It is not just that nutrition science can say little conclusively–but that it must say something, because we must act. This makes nutrition science radically and essentially different from many other sciences.

Let us return to the question: What is nutrition science? The conclusion of the above discussion is that nutrition science is in many cases not a science. It is not a Popperian enterprise relying upon definitive falsification of directly empirically testable (and incorrect) hypotheses but a practice that can, in best case scenario, lean upon falsification but more frequently relies upon accretion of disparate pieces of evidence, many of which are not direct tests of our hypothesis.

In a word, there is no such thing in many areas as nutrition science–though there is sometimes, for some questions. Instead, what researchers are doing is not science but a practice that uses the systematic principles of science, combined with judgment, for practical ends. We are talking therefore not so much about nutrition science but of scientific nutrition.

In this case, a case where we must act with incomplete information, it is not appropriate to apply Popperian scientific criteria to the problem. Rather, as in clinical medicine, we must approach the question using our best judgment to manage the risk. We must do scientific nutrition.

The question then is: what are the likely tradeoffs of reducing meat intake?

The answer: in the average context, it is likely either beneficial or neutral.

It is unlikely, after all, that so much data could point in the direction of meat being harmful relative to plants that the opposite should be true.

To explain: if eating plants instead of meat is harmful, this effect is certainly negligible relative to the many health decisions that are consistently obscuring that fact in the epidemiological literature. After all, the very point to making the “healthy user effect” argument is that the healthy user effect is stronger than diet. In other words, if a meat-heavy diet does happen to be more healthful than a plant-heavy diet, this effect is likely to be very minor compared to other lifestyle practices.

In other words, in the most meat-favorable scenario, eating meat is not likely to be very beneficial to health relative to many other things that one could do.

On the other hand, if the nutritional epidemiology, echoing most other evidence we have from other areas of nutrition research, is onto something with respect to meat, then we only stand to gain by eating more plants and less meat.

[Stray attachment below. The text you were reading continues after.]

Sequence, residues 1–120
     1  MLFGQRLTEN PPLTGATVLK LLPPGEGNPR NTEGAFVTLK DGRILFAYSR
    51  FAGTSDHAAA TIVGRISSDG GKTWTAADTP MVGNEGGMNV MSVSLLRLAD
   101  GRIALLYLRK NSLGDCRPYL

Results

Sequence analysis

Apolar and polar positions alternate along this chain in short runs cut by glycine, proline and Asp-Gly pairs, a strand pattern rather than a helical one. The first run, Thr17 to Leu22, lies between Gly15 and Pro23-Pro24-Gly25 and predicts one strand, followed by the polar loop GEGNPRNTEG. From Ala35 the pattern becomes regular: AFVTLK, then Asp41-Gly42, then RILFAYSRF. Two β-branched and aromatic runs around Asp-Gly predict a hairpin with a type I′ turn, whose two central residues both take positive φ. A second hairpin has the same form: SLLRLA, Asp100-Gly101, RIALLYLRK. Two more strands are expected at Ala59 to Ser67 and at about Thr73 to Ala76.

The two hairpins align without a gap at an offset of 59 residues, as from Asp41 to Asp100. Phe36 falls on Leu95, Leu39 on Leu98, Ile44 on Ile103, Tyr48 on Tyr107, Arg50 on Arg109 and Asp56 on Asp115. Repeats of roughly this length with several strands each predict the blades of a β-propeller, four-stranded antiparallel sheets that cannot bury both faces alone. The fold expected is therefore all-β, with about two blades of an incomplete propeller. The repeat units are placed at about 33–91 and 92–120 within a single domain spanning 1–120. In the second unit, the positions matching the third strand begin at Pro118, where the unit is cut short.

In other words, we have very little to lose and something substantial, perhaps, to gain. This is the appropriate framework–a risk management framework–through which to understand the meat versus plants discussion. Not a Popperian one or one that takes as its criteria that from drug trials.

What we have is a situation where someone is saying “meat might or might not be unhealthful; we don’t know.” So why wouldn’t we hedge in the direction of harmful, given that’s all the data we have?

Peter still talks about the dietary guidelines being a disaster. He still believes in low-carbohydrate diets–going so far as to recently have Jason Fung on his podcast, which I believe as a podcaster purporting to promote science was a very serious mistake. But I think that such considerations are what’s driving his views on meat.

As far as no data weighing conclusively against meat, he is scientifically right. But that simply doesn’t matter much: when the data are insufficient, the point in scientific nutrition is not to be scientifically right in pointing out that no point of view is strictly speaking formally scientifically correct, but to help people.

So I think the reason Peter leans away from recommending lower meat intakes is that he still believes in the carbohydrate-insulin model. Otherwise, I don’t understand how someone interested in risk management can ignore the data–as imperfect as it is–on meat. So which way should the recommendations run?

It should run in the direction of best evidence: because that’s all that in many cases, scientific nutrition can achieve. If we are interested in the actual practice of nutrition and the actual helping of patients according to best evidence, “best evidence” and not “scientific definitiveness” is the approach we should all be taking. And even if carbohydrates are as bad as Peter seems to think, there is still the possibility of plant-based low-carbohydrate diets. The question is: in which direction does the net balance of risks weigh? And I think the answer, given current data, is crystal clear.

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3 Comments

  1. Everyone is wrong – both sides of the argument – except for those of us that know we can’t use dietary nutrients, that we make our own. Start there, start with that; if folks don’t know how the body really works or doesn’t work with whole food stuffs, then all discusions of nutrition are pointless. Oliver

  2. This article (and your previous one about coming to conclusions on weak evidence) reminds me of a similar argument by Scott Alexander about pseudoscience problems of metaphysics. I think the conclusion was similar to what you draw here – just because a theory doesn’t make falsifiable predictions doesn’t mean you can’t use the available evidence and sound judgement to infer which explanation is more likely.

    https://slatestarcodex.com/2019/11/06/building-intuitions-on-non-empirical-arguments-in-science/